Airs Friday, July 19 at 9 p.m. This week on the Caravan we feature classic cuts from Neil Young & David Crosby, some R&B infused music from Pablo Cruise and some African inspired grooves from Regina Carter plus new country blues from the Carolina Chocolate Drops and the Lonesome River Band. We'll also hear from Darien Brahms, Robert Deeble, Dave Van Ronk, the Neville Brothers and Allison Crowe. This weeks concert feature Harvey Reid on stage in a blues and folk infused show with a touch of gospel and in our final hour we travel to Silium's Hill.
Tia Landrum (right) of Shreveport visits with Adom Grace in Ghana after coming to her rescue and getting her medical help.
One year ago this month, college student Tia Landrum of Shreveport encountered a life altering situation while on an internship in Ghana. She saw an emaciated girl who was lying helpless in a marketplace, and exposed to the West African sun.
“She weighed a little over 17 kilograms (37 pounds) when we picked her up, and she was about five feet tall," Landrum said.
Dr. Lane Rosen stands next to the vault that will house the cyclotron. It will be lowered through the roof this weekend and be encased in 525 tons of reinforced steel and concrete.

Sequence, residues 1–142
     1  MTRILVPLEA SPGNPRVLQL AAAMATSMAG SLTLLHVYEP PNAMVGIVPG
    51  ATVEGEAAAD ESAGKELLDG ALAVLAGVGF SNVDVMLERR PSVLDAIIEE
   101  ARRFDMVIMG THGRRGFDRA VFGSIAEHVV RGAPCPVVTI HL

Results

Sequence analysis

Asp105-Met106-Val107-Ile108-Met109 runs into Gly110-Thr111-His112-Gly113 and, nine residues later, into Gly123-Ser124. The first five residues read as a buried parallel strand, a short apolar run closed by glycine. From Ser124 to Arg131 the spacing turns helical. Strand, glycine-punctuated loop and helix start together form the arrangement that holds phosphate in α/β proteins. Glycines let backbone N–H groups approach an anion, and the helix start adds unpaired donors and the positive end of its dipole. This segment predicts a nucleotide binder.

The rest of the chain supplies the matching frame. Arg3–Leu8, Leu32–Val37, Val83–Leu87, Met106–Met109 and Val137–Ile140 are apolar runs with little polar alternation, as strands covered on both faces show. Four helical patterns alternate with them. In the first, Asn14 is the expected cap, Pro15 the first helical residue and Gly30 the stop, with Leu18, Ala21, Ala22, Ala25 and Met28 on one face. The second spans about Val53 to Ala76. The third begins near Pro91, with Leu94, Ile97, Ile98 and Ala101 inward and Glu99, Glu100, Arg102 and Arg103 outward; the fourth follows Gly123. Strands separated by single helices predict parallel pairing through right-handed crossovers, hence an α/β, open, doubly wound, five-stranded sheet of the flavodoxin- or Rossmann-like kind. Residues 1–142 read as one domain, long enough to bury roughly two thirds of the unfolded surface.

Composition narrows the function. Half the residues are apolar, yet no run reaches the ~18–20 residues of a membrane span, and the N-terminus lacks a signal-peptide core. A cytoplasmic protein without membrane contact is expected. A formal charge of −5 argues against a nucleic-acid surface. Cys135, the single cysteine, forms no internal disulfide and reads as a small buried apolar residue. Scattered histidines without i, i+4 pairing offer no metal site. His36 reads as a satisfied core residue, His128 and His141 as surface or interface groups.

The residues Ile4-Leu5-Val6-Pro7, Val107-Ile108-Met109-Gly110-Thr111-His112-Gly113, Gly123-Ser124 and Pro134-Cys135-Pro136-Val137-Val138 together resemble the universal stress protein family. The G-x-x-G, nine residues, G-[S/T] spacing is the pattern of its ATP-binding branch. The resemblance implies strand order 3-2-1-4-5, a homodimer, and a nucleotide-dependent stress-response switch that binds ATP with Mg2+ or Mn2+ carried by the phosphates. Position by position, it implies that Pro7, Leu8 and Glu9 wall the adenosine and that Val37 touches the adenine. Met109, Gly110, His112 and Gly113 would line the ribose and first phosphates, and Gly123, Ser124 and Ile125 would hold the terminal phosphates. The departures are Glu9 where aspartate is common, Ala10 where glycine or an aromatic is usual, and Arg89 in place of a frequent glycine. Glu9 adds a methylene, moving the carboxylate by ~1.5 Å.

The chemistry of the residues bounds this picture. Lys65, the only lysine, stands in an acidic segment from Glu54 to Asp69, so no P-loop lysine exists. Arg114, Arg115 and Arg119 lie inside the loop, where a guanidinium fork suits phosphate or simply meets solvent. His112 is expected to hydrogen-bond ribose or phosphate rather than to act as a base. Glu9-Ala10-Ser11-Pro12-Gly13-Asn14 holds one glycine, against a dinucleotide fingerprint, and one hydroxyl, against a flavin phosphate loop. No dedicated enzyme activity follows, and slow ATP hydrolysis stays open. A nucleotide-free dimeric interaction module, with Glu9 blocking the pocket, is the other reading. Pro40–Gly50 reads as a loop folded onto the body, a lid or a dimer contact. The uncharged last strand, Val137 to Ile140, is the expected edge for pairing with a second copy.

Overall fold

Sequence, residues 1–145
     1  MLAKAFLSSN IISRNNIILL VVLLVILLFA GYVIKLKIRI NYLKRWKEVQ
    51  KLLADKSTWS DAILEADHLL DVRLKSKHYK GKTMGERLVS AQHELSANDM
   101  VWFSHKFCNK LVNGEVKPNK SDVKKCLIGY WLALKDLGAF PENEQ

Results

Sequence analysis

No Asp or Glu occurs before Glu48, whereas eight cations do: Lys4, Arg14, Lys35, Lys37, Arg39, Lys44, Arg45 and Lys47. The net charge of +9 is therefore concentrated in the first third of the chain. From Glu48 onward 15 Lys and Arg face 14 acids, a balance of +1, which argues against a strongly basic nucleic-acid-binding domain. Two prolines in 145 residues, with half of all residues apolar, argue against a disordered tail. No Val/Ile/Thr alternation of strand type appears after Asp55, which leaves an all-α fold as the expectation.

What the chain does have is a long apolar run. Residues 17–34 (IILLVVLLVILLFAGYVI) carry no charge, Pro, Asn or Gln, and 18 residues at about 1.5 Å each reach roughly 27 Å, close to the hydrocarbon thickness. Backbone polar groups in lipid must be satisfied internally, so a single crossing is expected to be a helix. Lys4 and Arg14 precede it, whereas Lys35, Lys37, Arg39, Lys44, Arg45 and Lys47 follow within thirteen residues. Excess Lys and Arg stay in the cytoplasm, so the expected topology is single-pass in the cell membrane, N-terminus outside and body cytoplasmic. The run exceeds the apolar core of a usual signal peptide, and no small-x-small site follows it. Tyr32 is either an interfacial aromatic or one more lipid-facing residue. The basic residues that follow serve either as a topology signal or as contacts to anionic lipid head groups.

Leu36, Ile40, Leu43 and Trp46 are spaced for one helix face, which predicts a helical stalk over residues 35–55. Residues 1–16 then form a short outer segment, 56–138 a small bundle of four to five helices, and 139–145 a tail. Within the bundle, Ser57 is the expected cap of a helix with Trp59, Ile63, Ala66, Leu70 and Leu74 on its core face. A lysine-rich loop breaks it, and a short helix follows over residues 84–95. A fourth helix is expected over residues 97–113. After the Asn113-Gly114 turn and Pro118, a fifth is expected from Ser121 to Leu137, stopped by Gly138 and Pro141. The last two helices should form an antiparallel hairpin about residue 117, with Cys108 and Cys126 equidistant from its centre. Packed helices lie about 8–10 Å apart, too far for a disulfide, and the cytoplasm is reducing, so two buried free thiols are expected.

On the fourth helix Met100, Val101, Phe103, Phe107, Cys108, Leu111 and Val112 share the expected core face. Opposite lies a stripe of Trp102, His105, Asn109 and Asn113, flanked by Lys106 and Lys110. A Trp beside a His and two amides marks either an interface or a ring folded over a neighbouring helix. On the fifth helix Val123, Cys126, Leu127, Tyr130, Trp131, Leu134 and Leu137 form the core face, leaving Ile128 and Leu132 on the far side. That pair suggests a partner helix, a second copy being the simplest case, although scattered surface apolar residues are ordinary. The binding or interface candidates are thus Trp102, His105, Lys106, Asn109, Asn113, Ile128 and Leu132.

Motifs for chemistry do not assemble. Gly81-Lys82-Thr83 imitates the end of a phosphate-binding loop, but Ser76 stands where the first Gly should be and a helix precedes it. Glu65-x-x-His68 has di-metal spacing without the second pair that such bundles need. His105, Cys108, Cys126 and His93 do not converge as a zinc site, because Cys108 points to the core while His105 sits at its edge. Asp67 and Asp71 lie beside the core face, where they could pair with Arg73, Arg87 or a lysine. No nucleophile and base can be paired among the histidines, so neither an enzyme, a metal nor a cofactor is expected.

Credit Kate Archer Kent
Willis-Knighton Health System is building a $40 million Proton Therapy Center that will offer a high-tech, state-of-the-art radiation treatment for cancer. The 55,000 square-foot expansion of its cancer center is expected to create about 15 new jobs. There are 11 such proton beam centers nationwide. Dr. Lane Rosen, Willis-Knighton’s director of radiation oncology, said during a press briefing yesterday that Willis-Knighton will offer the first compact proton therapy system.
Credit St. Luke's Episcopal Mobile Medical Ministry
A mobile medical clinic is steadily gaining traction in rural and urban areas of northwest Louisiana after receiving its nonprofit status and serving 1,400 people last year. St. Luke’s Episcopal Mobile Medical Ministry is an RV set up just like a doctor’s office. Its volunteers regularly visit 10 communities and provide primary care and health screenings.
Lois Maberry, board chairman of the medical ministry that began in 2007, said the drop-in clinic is truly open to all.
The American Cancer Society aims to recruit 500 people from the Ark-La-Tex to participate in the third generation of a cancer prevention study that first began in the 1960s. The organization has partnered with the YMCA in Shreveport and two other organizations to host sign-up events for the study. It involves taking an initial waist measurement and drawing a small blood sample.